Major General John L. Sharpe, CMM, CD commenced his military career at the age of twelve when he joined Royal Canadian Army Cadet Corps #2302, sponsored by the Royal Canadian Legion and affiliated with the South Saskatchewan Regiment in Weyburn , Saskatchewan. As a Master Cadet and senior cadet in his Corps he attended the Banff National Army Cadet Camp in 1953.
After two years Militia service with the South Saskatchewan Regiment, MGen Sharpe joined the Regular Army. From 1957 until his promotion to Brigadier-General in 1982, he served with the Queen’s Own Rifles of Canada and Princess Patricia’s Canadian Light Infantry. Within Canada he served at Calgary (three times), Victoria (twice), Petawawa, Kingston, Ottawa (three times) and Yellowknife in a variety of command and staff appointments. He served three tours on NATO duty in Germany and also served in Cyprus and Ghana, West Africa .
Principal command appointments include Commanding Officer of 1st Battalion Princess Patricia’s Canadian Light Infantry, Commander of 1st Canadian Brigade Group, and Commander of Canadian Forces Europe.
His last military appointment was in Ottawa as Chief of Operations, Plans and Force Development for the Canadian Armed Forces. He retired as a MGen after 37 years of military service and is the recipient of the Commander of Military Merit and the Canadian Forces Decoration.
From 1991 to 1996 MGen Sharpe was President & General Manager of the Ontario Safety League in Toronto. The League is one of Canada’s oldest safety organizations and is most active in road and child safety.
Sharpe assumed a three-year appointment as Colonel Commandant of the Royal Canadian Army Cadets in September 2000. After a one-year extension he relinquished his appointment on 31 August 2004 .
General Sharpe shared some reminiscences of his life and his comrades in The Queen’s Own through the Powder Horn in 2003.
“Having commenced my Regular Force service with the Queen’s Own – and very much benefiting from the opportunity – I have nothing but fond memories of the Regiment. As a new Regiment (in the Regular Forces), we were blessed with officers and senior non-commissioned officers who understood they had a very important role to play. And that was to identify, train and groom the future leaders of the Regiment. Many had previously
served with the PPCLI. Some came by choice, some were chosen, but regardless of how they arrived at the Queen’s Own – the majority were determined to make this an excellent Infantry Regiment.
Had I first gone to the Patricia’s, I suspect that the outcome for me would have been quite different. Resting on their laurels, which were not insignificant and very much deserved, too many senior Patricia officers failed to understand the need to develop and promote their best. Proof of that came in the early 1970s shortly after 1 QOR of C rebadged to 3 PPCLI in Victoria. All three Patricia battalions were commanded by officers who, until 1970, were Queen’s Own officers. They were LCol John Sharpe (1 PPCLI), LCol Jim Allan (2 PPCLI) and LCol Dick Cowling (3 PPCLI). As difficult as it was to leave one’s Regiment, the situation was made palatable by the fact that we already knew many of the Patricias and by the warm and sincere welcome by all ranks. MGen (Ret’d) Cammie Ware, Colonel of the Regiment of the PPCLI, spoke with eloquence and sincerity in his inspection of the rebadged 1 QOR of C on the Monday following the Battalion’s final parade at Work Point Barracks in Esquimalt. His example was thereafter emulated by all.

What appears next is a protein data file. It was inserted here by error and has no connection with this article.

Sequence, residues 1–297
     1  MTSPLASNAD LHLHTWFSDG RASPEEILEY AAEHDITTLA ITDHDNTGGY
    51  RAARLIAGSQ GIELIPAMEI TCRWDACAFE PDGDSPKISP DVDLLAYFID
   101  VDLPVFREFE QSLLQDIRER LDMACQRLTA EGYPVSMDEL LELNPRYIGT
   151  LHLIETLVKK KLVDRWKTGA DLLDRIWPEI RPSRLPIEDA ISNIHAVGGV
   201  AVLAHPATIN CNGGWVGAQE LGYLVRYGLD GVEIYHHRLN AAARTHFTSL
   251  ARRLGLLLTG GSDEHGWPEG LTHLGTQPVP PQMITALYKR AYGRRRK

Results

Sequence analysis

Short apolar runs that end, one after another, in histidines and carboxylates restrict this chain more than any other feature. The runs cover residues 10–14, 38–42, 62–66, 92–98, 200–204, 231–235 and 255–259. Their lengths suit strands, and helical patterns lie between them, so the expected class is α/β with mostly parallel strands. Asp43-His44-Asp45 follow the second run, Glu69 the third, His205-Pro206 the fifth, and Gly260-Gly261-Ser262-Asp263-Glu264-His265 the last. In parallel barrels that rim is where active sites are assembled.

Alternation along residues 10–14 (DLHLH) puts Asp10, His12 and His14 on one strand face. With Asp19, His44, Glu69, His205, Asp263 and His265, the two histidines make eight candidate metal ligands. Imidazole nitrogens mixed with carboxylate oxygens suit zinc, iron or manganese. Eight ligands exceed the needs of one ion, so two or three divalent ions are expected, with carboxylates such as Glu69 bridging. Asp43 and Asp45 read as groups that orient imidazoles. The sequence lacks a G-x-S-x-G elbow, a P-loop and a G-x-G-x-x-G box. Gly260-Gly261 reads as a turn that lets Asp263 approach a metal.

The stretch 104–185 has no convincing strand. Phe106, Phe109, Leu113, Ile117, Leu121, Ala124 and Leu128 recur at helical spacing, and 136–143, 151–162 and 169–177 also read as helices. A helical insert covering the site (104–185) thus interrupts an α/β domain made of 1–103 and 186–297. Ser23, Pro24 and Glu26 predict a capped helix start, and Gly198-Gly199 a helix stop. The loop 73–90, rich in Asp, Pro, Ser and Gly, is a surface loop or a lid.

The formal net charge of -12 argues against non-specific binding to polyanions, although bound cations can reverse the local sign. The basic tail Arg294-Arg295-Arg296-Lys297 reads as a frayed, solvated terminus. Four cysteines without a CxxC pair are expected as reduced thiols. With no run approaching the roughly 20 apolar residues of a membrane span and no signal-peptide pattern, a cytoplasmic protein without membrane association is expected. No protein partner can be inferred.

Germany – 1 QOR of C – early 60s.
When LGen Geoffrey Walsh, Chief of the General Staff, was inspecting 1 QOR of C in Germany, our self-assured WW2 company commanders and CO were almost reduced to babbling idiots through their absolute fear of the General. Walking down the road with his entourage he pointed to a building that they were passing and not inspecting. Walsh stopped and demanded, “What’s in there?”
Before a Major or the CO could reply an older and absolutely unflappable Captain immediately replied, “Everything we don’t want you to see, Sir.” As a grin slowly came on Walsh’s face he said, “Very well, let’s go to the Mess and have a drink!” And the inspection was over. And, of course, the building did contain much of what the Battalion had squirreled away from the general’s eyes!
Same Route as the Last Two Years – Germany – 2 QOR of C – Jan 1960.
I arrived in Germany as a reinforcement officer on 6 Jan 1960. Within less than a week of my arrival, the Battalion’s vehicles were assembled on the parade square in preparation for the move to the Putlos Training Area which is located on the Baltic Coast north of Hamburg – a day’s drive away from Deilinghoffen.
I was to command a packet of vehicles and reported to the parade square to hear the briefing by the Battalion Transport Officer. With what looked like a large scale map of Europe mounted on an easel, the TO briefed us on the route. He was brief and to the point and essentially said, “Same route as last year except the lunch halt will be north of Hamburg and not South as it was last year.Any questions?” I had not been issued a road map. I had not been issued a route letter. And I had absolutely no idea how to get to the autobahn to start our journey. With some hesitation, as no one else felt the need to ask
a question, I raised my hand and asked, “Which way do I turn outside the Main Gate?” Laughter broke out as the officers concluded that this new guy Sharpe is going to be all right … he has a great sense of humour. Before I could say any more, my Platoon Sergeant quietly approached and said, “It’s OK Sir, we’ll get there.” Having learned to trust my Platoon Sergeants I didn’t pursue the matter any further with the TO – and we did
get to Putlos, reasonably directly. There is, of course, an important moral to this story. Don’t presume that all leaders have the same knowledge and experience.”